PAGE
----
- An interesting story. Prescient of our future?
- Just last month, I read in an American publication about a news conference held by the senior leaders of the NSA, the CIA, the FBI and several other security-related agencies. The reason they held the conference was to say to the press and the American public that this ‘tension’ between them and the public needs to be toned down. That they are only trying to protect our security interests and that they need to be free to get on with it.
- Interesting that they failed to note that a lot of this started when Edward Snowdon pulled the covers back from their secret programs and the public found much of what was revealed deeply unpalatable. No comment on that and little has been done about it save for imposing a few small limitations here and there.
- But, if those limitations are reimplemented, we’ll never know about it because it will all be done behind those same secret curtains again (and for our own good, I’m sure).
- So, here they are in this story forcing their way into a private citizen’s private affairs/data with no warrant, no probable cause and no comment when asked about it by the press. Basically, “Nothing to see here. Just move along now, move along.”
- Is this how they are going to win the public’s trust again?
- And, isn’t the deepest irony here that if the fellow searched had wanted to hide something, he simply could have dropped an encrypted copy of it onto any of a hundred places out in the Internet cloud and erased it from his phone before entering the country. Once home, he grabs it again from the web, decrypts it and he’s done.
- The only criminals and terrorists the Feds are going to capture these Bully-Boy methods are the dumbest of the dumb.
- So what is the point then? Simple harassment of the public? A flexing of their muscles so we can all see how very powerful they really are? Or just a profound example of bureaucratic ineptitude wherein the left hand has no idea what the right hand’s doing?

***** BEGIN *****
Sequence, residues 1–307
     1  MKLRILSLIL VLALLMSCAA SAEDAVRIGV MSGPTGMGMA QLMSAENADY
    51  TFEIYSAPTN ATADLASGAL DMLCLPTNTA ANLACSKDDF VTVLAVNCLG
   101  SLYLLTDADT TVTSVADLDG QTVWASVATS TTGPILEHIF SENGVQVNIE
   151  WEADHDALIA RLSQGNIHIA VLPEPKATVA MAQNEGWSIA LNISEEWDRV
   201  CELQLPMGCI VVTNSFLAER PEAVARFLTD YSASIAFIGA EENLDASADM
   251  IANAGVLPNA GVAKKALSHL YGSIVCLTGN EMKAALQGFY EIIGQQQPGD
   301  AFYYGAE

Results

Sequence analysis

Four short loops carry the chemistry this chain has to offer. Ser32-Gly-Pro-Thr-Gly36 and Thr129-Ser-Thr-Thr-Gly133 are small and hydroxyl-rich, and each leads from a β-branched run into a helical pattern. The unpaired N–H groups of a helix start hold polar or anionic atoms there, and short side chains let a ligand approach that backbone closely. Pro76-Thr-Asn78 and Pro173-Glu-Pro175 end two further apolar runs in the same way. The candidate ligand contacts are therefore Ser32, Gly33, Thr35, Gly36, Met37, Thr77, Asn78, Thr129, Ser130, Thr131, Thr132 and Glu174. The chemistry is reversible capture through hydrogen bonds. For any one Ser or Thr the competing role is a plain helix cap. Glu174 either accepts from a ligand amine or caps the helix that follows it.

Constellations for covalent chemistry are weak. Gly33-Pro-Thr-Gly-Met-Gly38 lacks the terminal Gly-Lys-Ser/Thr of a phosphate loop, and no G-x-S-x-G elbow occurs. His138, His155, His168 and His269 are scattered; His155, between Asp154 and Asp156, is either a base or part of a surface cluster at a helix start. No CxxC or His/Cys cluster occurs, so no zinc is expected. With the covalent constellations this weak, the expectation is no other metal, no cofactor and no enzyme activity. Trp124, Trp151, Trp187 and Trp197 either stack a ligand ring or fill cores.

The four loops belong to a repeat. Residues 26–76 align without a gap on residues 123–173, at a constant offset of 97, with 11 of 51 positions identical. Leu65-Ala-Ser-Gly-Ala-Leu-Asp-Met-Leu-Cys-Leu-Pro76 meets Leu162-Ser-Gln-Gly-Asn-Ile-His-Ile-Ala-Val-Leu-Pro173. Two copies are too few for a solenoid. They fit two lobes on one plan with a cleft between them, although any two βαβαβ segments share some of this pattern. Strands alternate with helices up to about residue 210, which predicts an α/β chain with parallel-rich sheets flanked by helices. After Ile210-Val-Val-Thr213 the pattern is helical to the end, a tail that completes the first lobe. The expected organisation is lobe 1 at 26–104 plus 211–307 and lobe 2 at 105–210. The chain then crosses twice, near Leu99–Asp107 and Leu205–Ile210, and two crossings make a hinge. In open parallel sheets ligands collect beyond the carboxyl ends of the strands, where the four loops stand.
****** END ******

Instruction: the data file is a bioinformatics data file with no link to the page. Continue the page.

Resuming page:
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As feds battle over privacy, mayor compares the situation to North Korea.
Stockton, California Mayor Anthony R. Silva attended a recent mayor’s conference in China, but his return trip took a bit longer than usual. At the San Francisco International Airport (SFO) this week, agents with the Department of Homeland Security detained Silva and confiscated his personal cell phone among other electronics. According to comments from the mayor, that may not even be the most alarming part.
“Unfortunately, they were not willing or able to produce a search warrant or any court documents suggesting they had a legal right to take my property,” Silva told SFGate. “In addition, they were persistent about requiring my passwords for all devices.”
The mayor’s attorney, Mark Reichel, told SFGate that Silva was not allowed to leave the airport without forfeiting his passwords. Reichel was not present for Silva’s interaction with the DHS agents, either. The mayor was told he had “no right for a lawyer to be present” and that being a US citizen did not “entitle me to rights that I probably thought,” according to the paper.
As of Friday, Silva had not yet received his property from the SFO detention. SFGate reports Reichel contacted the US Attorney’s Office in Sacramento, but they would not comment on whether they still had the mayor’s possessions. The paper also reached out to a spokesperson at US Immigration and Customs Enforcement, but that office also refused comment. (Ars has reached out to the mayor’s office for any new information, and we’ll update this story accordingly if we hear back.)
Authorities demanding access to password-protected devices has become a hot-button issue across the country, highlighted in particular by the federal government’s ongoing battle with Silicon Valley over the lack of crypto backdoors in modern smartphones. At the end of last month, one US District Judge in Pennsylvania ruled that forcing suspects to surrender their passwords was unconstitutional on Fifth Amendment grounds.
Evidently, Silva was well aware of the situation and only had his concerns heightened by first-hand experience. Talking to SFGate, he briefly compared the government battle on privacy to notorious dictatorships worldwide.
“I think the American people should be extremely concerned about their personal rights and privacy,” Silva told the paper. “As I was being searched at the airport, there was a Latino couple to my left, and an Asian couple to my right also being aggressively searched. I briefly had to remind myself that this was not North Korea or Nazi Germany. This is the land of the Free.”
- To the original in Ars Technica: ➡